APT36 Taps Coronavirus as ‘Golden Opportunity’ to Spread Crimson RAT

crimson RAT

The Pakistani-linked APT has been spotted infecting victims with data exfiltration malware.

A Pakistani-linked threat actor, APT36, has been using a decoy health advisory that taps into global panic around the coronavirus pandemic to spread the Crimson RAT.

The functionalities of the Crimson RAT include stealing credentials from victims’ browsers, capturing screenshots, collecting anti-virus software information, and listing the running processes, drives and directories from victim machines. The use of such data exfiltration capabilities are common for APT36 (also known as Transparent Tribe, ProjectM, Mythic Leopard, and TEMP.Lapis), active since 2016.

“APT36 is believed to be a Pakistani state-sponsored threat actor mainly targeting the defense, embassies, and the government of India,” said researchers with Malwarebytes in a Monday analysis. “APT36 performs cyber-espionage operations with the intent of collecting sensitive information from India that supports Pakistani military and diplomatic interests.”

Researchers said that previous APT36 campaigns have mainly relied on both spear phishing and watering hole attacks to gain its foothold on victims. This most recent phishing email attaches a malicious macro document that targets vulnerabilities in RTF (Rich Text Format) files, such as CVE-2017-0199. This is a high-severity Microsoft vulnerability, which allows a bad actor to execute Visual Basic script when a user opens a malicious Microsoft Office RTF document.

The email pretends to be from the government of India (email.gov.in.maildrive[.]email/?att=1579160420) and contains a “Health Advisory” regarding the coronavirus pandemic. Once victims click on the attached malicious document and enable macros, the Crimson RAT is dropped.

crimson RAT APT36The malicious macro first creates two directories with the names “Edlacar” and “Uahaiws” and then checks the OS type. Based on the OS type, the macro then picks either a 32-bit or 64-bit version of its RAT payload in zip format, which is stored in one of the two textboxes in UserForm1. Then, it drops the zip payload into the “Uahaiws” directory and unzips its content (using the “UnAldizip” function), dropping the RAT payload into the Edlacar directory. Finally, it calls the Shell function to execute the payload.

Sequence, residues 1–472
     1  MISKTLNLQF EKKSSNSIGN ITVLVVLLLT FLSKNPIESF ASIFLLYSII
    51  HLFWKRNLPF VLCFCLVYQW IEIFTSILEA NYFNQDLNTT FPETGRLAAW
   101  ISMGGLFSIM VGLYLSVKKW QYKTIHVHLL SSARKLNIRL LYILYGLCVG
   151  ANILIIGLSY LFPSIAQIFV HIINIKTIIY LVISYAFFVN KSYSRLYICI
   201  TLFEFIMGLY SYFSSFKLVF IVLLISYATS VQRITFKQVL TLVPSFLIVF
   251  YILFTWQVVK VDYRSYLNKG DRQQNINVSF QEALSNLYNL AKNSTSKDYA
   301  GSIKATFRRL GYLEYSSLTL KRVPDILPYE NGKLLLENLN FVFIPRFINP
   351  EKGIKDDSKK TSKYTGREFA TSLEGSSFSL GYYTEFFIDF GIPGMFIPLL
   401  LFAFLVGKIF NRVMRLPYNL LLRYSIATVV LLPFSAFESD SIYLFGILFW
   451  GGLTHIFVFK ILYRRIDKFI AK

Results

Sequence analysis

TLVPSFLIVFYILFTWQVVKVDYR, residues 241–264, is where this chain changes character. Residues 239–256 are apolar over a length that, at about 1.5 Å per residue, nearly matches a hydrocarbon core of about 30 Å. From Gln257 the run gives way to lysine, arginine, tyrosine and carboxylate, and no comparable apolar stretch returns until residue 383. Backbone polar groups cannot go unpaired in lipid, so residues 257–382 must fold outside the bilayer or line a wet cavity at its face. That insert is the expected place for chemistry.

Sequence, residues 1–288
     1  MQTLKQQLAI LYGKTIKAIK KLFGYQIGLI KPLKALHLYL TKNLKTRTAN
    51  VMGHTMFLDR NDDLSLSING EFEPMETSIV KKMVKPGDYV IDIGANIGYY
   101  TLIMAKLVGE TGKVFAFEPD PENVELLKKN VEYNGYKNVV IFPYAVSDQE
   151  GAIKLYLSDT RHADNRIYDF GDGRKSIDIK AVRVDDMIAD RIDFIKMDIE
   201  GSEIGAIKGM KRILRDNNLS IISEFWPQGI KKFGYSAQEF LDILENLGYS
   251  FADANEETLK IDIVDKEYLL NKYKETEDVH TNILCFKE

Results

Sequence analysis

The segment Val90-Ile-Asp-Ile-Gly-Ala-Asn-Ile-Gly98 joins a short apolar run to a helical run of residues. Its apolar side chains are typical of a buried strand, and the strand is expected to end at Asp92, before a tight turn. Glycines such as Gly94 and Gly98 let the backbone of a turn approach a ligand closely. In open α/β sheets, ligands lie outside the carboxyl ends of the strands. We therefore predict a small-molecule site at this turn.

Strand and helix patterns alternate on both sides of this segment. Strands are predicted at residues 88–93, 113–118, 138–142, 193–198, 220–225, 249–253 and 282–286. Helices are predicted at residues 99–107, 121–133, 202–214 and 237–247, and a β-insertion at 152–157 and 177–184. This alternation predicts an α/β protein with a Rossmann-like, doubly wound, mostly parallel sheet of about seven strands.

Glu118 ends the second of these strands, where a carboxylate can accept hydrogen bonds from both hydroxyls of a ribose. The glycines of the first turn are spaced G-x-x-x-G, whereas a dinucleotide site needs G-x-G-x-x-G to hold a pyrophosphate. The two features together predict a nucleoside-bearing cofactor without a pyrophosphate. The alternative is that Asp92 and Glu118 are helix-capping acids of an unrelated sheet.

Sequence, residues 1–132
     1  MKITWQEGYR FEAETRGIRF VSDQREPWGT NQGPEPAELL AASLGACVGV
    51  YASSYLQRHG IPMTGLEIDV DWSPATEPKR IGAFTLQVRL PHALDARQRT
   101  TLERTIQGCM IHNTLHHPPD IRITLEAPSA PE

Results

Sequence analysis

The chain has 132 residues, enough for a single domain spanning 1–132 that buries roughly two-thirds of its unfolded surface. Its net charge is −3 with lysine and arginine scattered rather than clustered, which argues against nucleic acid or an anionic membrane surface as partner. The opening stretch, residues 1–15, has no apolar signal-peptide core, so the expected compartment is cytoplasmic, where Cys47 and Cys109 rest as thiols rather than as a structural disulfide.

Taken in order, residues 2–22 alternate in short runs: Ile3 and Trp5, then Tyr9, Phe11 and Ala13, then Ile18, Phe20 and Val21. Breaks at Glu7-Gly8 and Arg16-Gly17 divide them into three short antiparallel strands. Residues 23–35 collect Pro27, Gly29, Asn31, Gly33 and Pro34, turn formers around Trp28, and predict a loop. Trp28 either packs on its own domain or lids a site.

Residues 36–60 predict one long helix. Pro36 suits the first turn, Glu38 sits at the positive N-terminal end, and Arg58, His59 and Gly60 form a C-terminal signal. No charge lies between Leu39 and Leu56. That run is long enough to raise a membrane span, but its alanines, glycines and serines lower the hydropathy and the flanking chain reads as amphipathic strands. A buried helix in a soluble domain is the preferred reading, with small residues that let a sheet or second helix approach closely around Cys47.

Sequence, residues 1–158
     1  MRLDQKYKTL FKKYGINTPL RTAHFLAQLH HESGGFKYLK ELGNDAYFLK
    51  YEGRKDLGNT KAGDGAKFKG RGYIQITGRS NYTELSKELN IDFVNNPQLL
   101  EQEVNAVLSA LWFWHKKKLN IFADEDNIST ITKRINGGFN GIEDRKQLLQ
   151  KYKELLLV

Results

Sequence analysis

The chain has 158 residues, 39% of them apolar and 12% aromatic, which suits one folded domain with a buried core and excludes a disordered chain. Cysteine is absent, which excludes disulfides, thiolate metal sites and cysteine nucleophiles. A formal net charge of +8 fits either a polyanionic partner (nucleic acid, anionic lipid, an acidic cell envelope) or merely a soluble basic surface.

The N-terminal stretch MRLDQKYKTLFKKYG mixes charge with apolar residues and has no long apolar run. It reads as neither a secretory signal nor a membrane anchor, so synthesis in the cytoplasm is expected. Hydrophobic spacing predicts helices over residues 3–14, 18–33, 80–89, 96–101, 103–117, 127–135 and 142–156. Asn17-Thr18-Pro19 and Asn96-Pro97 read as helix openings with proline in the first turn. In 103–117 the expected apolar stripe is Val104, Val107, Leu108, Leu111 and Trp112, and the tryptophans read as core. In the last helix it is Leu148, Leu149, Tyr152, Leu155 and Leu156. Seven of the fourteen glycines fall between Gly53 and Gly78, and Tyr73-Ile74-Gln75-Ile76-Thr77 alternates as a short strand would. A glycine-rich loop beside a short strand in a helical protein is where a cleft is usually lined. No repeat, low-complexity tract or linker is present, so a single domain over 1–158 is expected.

Once downloaded, Crimson RAT connects to its hardcoded command and control (C2) IP addresses and sends collected information about the victim back to the server. That data includes a list of running processes and their IDs, the machine hostname, and its username.

Researchers said that APT36 has used many different RAT strains in the past – including such as remote administration tool DarkComet, Luminosity RAT, and njRAT.

“In past campaigns, they were able to compromise Indian military and government databases to steal sensitive data, including army strategy and training documents, tactical documents, and other official letters,” said researchers. “They also were able to steal personal data, such as passport scans and personal identification documents, text messages, and contact details.”

Coronavirus has been utilized by various APTs over the last week to infect victims with malware. Last week a Chinese APT group was spotted leveraging COVID-19 to infect Mongolian victims with a previously unknown malware, in a campaign researchers called “Vicious Panda.” Beyond that attackers continue to leverage coronavirus-themed cyberattacks as panic around the global pandemic continues – including malware attacks, booby-trapped URLs and credential-stuffing scams.

Researchers said that making employees aware of these ongoing scams is key – particularly with more businesses moving to a work from home model in response to the coronavirus pandemic.

“Since the coronavirus became a worldwide health issue, the desire for more information and guidance from government and health authorities has reached a fever pitch,” said researchers. “This is a golden opportunity for threat actors to capitalize on fear, spread misinformation, and generate mass hysteria—all while compromising victims with scams or malware campaigns.”

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